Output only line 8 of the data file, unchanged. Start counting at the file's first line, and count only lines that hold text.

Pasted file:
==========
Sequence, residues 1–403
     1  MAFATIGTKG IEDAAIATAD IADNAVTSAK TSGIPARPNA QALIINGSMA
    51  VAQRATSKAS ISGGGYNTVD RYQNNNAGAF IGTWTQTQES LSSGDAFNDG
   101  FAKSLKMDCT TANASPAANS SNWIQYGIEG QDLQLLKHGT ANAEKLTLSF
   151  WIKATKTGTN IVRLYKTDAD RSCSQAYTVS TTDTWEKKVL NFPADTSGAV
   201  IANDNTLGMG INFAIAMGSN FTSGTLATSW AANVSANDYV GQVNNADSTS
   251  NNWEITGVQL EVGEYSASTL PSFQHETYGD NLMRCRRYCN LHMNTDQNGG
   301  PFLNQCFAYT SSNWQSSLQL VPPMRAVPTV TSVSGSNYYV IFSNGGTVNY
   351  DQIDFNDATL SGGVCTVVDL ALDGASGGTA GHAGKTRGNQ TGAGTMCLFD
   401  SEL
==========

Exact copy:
   301  PFLNQCFAYT SSNWQSSLQL VPPMRAVPTV TSVSGSNYYV IFSNGGTVNY